Personalities | T-Bone Walker | Turning Blues Electric | Guitar Heroes

The first bluesman to record with an electric guitar, T-Bone Walker (1910–75) shaped the course of post-war blues, influencing everyone from B.B. King and Chuck Berry to Jimi Hendrix and beyond.

B.B. King acknowledges that the first time he heard Walker, he knew he had to get an electric guitar, and Berry and Hendrix took as much notice of Walker’s showmanship – playing his guitar behind his head and generally thrilling the ladies – as his soulful playing. Even today, Walker’s style remains an essential element of lead-guitar playing.

Born in Linden, Texas, Walker grew up in a musical household in Dallas, learning guitar, ukulele, banjo, violin and piano. Blind Lemon Jefferson was a family friend and Lonnie Johnson played nearby. By the age of 16, Walker was earning a living as a musician, playing local shows. In 1929, he won a talent contest to join Cab Calloway’s band and made his first recordings. He also started a band with another local guitarist, Charlie Christian. He began touring a wider region and in 1934, moved to California, where he played and sang in various big bands.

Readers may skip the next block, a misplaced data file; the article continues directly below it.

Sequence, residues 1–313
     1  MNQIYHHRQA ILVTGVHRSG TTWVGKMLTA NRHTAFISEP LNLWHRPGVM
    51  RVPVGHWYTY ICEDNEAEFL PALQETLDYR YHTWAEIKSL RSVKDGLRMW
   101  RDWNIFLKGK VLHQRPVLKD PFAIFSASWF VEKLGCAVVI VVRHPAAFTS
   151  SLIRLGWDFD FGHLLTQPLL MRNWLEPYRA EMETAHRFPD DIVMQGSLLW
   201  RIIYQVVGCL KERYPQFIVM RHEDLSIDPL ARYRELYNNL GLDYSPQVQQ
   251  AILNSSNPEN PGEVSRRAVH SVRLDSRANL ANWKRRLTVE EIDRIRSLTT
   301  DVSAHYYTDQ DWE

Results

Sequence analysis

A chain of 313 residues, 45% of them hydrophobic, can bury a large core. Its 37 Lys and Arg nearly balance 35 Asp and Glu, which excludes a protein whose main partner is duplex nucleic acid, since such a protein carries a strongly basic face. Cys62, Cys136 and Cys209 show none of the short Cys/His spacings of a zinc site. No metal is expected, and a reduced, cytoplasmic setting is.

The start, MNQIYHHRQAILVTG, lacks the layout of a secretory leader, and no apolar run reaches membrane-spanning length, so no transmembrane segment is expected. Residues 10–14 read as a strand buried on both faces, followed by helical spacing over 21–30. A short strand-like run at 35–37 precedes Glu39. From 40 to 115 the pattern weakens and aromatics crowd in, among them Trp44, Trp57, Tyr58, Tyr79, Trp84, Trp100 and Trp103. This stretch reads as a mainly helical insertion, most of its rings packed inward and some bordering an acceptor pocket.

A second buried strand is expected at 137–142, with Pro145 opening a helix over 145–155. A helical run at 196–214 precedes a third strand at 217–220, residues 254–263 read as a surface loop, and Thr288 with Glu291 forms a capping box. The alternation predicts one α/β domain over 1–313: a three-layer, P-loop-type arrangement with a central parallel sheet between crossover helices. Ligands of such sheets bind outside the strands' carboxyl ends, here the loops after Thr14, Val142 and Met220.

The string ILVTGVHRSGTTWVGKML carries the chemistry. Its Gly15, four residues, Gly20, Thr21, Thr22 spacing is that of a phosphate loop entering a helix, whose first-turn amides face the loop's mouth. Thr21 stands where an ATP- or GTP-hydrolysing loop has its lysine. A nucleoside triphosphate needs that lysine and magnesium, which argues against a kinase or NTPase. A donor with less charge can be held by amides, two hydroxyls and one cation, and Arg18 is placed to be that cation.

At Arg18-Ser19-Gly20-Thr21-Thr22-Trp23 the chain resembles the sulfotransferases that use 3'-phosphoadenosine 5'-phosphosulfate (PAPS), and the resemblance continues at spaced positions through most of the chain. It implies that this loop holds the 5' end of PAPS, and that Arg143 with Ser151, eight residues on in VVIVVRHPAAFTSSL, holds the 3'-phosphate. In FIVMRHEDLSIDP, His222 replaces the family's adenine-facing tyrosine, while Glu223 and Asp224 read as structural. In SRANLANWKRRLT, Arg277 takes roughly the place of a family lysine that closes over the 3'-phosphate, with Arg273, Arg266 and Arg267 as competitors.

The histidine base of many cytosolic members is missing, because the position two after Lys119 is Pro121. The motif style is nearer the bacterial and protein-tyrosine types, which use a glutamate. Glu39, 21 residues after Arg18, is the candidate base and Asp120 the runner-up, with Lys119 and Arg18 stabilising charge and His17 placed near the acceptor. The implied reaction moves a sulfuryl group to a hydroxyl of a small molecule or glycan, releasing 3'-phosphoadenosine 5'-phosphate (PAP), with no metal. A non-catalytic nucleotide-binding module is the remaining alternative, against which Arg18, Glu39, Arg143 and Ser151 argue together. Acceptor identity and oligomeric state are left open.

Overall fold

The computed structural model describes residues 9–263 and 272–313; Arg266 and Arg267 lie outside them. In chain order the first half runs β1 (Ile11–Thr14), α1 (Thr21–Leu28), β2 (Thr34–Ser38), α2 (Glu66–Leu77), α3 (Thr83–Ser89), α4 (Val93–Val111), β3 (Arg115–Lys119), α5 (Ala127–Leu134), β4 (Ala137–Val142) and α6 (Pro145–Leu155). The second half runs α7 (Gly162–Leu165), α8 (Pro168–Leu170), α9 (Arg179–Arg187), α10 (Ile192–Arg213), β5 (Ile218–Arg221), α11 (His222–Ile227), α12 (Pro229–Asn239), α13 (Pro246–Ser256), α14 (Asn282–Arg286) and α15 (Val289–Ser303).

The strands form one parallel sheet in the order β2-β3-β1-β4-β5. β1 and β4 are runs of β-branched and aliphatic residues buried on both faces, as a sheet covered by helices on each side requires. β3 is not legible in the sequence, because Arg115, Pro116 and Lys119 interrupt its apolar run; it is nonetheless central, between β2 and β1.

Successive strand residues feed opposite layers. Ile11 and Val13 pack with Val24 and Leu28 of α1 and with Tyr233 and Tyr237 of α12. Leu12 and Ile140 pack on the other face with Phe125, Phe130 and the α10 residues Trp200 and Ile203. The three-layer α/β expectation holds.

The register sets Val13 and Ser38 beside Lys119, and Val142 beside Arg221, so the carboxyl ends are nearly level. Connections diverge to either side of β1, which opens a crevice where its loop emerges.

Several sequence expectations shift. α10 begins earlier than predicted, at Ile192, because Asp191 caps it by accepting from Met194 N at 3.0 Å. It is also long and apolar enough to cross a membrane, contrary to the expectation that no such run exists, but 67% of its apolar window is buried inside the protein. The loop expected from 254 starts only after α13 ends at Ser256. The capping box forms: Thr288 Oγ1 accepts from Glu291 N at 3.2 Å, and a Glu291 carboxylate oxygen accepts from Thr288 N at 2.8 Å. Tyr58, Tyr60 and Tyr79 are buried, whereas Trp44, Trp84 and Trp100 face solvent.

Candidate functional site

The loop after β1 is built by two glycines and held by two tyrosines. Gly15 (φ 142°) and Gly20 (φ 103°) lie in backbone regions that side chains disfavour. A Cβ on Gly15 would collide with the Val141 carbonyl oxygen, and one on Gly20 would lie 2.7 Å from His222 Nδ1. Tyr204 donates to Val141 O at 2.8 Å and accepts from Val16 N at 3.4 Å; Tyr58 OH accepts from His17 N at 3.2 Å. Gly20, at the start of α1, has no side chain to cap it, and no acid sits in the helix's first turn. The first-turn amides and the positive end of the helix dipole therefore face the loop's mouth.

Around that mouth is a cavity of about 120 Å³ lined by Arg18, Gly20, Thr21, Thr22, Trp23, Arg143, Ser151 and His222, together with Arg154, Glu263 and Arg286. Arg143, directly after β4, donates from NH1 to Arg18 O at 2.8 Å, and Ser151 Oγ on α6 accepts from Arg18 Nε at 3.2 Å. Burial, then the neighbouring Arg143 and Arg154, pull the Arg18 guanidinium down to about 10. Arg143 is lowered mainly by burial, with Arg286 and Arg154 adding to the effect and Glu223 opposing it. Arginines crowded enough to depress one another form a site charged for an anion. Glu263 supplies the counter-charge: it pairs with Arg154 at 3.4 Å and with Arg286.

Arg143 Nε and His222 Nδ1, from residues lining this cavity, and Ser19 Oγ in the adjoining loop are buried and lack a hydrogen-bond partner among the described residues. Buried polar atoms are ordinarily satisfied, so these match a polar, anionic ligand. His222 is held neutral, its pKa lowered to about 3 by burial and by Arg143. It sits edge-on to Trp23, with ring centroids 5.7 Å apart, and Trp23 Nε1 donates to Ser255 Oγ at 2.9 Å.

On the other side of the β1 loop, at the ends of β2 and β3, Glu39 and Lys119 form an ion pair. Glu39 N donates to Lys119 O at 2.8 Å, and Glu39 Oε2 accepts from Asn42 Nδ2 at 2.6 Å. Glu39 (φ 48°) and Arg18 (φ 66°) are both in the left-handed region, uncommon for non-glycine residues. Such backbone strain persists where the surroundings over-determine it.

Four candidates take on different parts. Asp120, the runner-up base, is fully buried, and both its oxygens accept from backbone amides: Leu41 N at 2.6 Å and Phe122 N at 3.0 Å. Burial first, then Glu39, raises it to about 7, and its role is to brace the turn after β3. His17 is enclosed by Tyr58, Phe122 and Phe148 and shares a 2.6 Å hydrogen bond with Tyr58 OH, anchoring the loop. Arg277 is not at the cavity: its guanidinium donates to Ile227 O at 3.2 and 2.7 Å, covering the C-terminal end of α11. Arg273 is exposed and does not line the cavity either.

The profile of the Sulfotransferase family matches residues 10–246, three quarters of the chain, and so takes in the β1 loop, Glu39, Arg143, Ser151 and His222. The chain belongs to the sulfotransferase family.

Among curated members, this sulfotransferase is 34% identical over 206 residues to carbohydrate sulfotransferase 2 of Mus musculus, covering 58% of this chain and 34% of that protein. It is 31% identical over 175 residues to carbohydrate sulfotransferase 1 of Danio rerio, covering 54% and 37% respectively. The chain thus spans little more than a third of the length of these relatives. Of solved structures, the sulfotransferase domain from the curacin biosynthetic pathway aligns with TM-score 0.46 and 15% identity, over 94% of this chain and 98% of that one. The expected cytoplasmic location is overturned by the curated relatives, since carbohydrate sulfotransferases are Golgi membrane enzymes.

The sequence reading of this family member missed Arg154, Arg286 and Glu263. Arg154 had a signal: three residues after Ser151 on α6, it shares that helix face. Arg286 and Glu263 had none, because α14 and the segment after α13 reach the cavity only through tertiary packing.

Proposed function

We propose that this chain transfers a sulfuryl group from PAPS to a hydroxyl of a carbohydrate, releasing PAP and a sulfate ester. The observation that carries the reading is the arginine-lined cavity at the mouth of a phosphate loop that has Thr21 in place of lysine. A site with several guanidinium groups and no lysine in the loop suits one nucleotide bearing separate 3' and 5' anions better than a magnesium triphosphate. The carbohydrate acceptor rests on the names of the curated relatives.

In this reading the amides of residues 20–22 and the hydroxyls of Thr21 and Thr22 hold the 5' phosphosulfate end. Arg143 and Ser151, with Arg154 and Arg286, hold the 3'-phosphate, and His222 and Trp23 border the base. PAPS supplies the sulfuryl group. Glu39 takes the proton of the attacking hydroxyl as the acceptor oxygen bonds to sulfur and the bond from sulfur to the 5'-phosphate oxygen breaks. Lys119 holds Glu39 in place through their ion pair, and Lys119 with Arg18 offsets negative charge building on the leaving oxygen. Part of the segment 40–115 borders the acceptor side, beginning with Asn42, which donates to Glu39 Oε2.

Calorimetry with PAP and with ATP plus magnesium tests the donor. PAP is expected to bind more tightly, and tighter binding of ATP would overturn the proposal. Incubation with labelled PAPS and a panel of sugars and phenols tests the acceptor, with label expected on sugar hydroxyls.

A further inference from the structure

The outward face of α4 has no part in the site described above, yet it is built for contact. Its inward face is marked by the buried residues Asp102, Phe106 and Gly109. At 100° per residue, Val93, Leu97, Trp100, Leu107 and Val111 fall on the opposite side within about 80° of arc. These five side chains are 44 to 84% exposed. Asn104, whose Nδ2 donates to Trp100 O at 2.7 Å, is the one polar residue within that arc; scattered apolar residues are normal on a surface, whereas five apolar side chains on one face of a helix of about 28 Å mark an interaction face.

Walker started playing amplified guitar in order to be heard, and his defining moment came in 1942 at a recording session with Freddie Slack’s Big Band, when he got the chance to take the spotlight for a couple of blues songs. ‘Mean Old World’ was arguably the first electric blues record, and he followed it with ‘Call It Stormy Monday’, which became his signature tune and a blues classic. Before long, he was leading his own band and scoring blues hits with ‘T-Bone Shuffle’, ‘Glamour Girl’, ‘The Hustle Is On’ and ‘Cold Cold Feeling’.

Walker’s big-band background and the jazz musicians who played with him gave his blues a sophistication that was in marked contrast to the raw blues coming out of Chicago and the rock’n’roll coming out of Memphis. Ironically, this made him unfashionable for a while, although his reputation as a live performer never dipped. After a car accident in the early 1970s, his health deteriorated and he died of bronchial pneumonia following a stroke in 1975.

Essential Recordings

Solo: ‘Mean Old World’

Solo: ‘Bobby Sox Blues’

Solo: ‘Call It Stormy Monday’

Solo: ‘West Side Baby’

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